Saturday, 9 June 2007

Liwvi rh rnkligzmg...

When I was four, and just freshly started on the road of formal education, I was presented with a large sheet of paper, a brush and an array of brightly coloured paints. My task was to paint a picture to take home. So I did. I painted a series of lines, as parallel as I could manage, using every colour of poster paint available to me, in the order in which they appeared on the table, from top to bottom and left to right. The order was important. My painting had the order. Therefore it was really, really good. That much was obvious to my young, little brain.

As I recall, my mother was less impressed with my artistic enterprises. I can recall my confusion and disappointment at her response when I proudly showed her my creation of a series of apparently random, not-very-parallel lines. She gently suggested I should try some flowers or people next time*. I didn't then have the vocabulary to articulate that it wasn't supposed to be a picture of something, but instead represented the (on reflection, probably completely arbitrary) order in which the paints had been put on the table, so instead, I resorted to feeling confused, somewhat flummoxed and rather frustrated that she didn't understand the significance. The order was important. Flowers and people didn't have the order or pattern. They were chaotic and messy. Therefore the lines were better. She didn’t understand that. Order is important.

I was reminded of this last weekend when, stuck in traffic with a friend, it occurred to me that alphabetical order was rather arbitrary and meaningless. If I so wished, I could re-arrange the alphabet and, other than upsetting a lot of librarians and other people who like to file things in arbitrary orders, it wouldn't make much difference to anything.

This realization disturbed me greatly. I'd accepted the concept of the alphabet having an order. All the languages I’ve ever tried to learn (e.g. English, French, German, Swahili, Spanish, Italian) came with an alphabet which, give or take a few letters, came in the same order as the Greek alphabet. Despite the widespread acceptance of this alphabetical order, it does not appear to possess any innate order, in the sense that the series of numbers 1, 2, 3, 4, …, has order. C is no larger than B. It is no more a consonant. Alphabetical order might be better described as alphabetical disorder. Vowels and consonants appear randomly scattered throughout the alphabet. Alphabetical order - what order? What rationale is there for the order in which the letters appear??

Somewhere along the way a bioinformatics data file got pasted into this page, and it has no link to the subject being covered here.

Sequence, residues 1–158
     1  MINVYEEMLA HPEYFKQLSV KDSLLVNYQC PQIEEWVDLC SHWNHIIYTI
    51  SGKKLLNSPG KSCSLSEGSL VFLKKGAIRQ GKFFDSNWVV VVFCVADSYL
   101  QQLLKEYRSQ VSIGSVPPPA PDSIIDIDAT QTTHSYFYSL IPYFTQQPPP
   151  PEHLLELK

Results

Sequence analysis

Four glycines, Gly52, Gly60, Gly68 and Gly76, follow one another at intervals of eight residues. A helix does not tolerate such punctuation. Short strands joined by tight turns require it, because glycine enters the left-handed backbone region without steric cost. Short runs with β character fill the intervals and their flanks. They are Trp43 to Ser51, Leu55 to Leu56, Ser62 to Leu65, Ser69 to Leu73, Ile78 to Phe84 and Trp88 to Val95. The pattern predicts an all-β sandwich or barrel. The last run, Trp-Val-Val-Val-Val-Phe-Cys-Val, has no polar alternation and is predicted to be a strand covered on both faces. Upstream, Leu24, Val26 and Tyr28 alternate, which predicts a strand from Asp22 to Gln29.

Years ago I would probably have gone to the library and done battle with the Dewey decimal system (incidentally, did you know it has its own blog? Riveting stuff!) to find an answer, and would probably have been disappointed. Now, of course, I turn to the trusty steed that is the internet to enlighten me. I asked Google. I scoured Wikipedia. I suffered information overload which, whilst learning about the International Phonetic Alphabet and the origin of Arabic numerals is all very interesting, a couple of hours later still didn’t quite answer my questions**. I assume there must be a reason why someone first put those letters in that order and called it the alphabet (alpha, beta…) If there is a neat, concise reason why the Greeks and their alphabetically-minded predecessors ordered their letters in that way, no-one appears to be sharing it with the world at large. Is it a conspiracy?


*Being twenty-something years older, I can now appreciate that a painting of flowers would have looked better on the kitchen wall, and am less bewildered by my mother's response. I think I finally obliged a few years later and painted some sunflowers. I also got slightly less concerned about order and now live in a happy state of choas.

**Yes, I realize this is another fine example of a geek moment.

2 comments:

jclary said...

I wondered the same thing for quite some time.

I think you'll find that independent numbers are a relatively recent invention and that previously the letters of the old alphabets (greek, hebrew, aramaic, phonecian and their predecessors) doubled as numeric values and were used as such for accounting and other purposes. Wikipedia shows these numeric associations for a variety of alphabets.

Those alphabets are ordered essentially by the numeric values of the letters although there are some complications since Hebrew, for instance, didn't have any vowels until relatively recent history.

I'd hazard a guess that some of the vowels originated as accented (with various marks) consonants and were placed before or after those consonants but that's pure conjecture on my part.

It's probably all quite muddled by now but the letters with numeric values tend to still be in the right order with other letters with no numeric value shoved in seemingly arbitrarily in every alphabet I've looked at including cyrillic which may derive from greek, hebrew and slavic alphabets.

All of these related alphabets count 1-9x1, 1-9x10 and 1-9x100.

Interestingly, there are numeric "plays on words" in the bible by interchanging numeric and phonemic values for things. 666 was rather explicit but there are quite a few other subtle ones that aren't apparent in translations.

But Why? said...

Thanks. I had a good scout round Wikipedia when I was writing this post, but even with the assignment of value to letters, the order of the alphabet remains inherently arbitrary (why that particular value with that letter?). There's a bit of me that wishes that wasn't the case.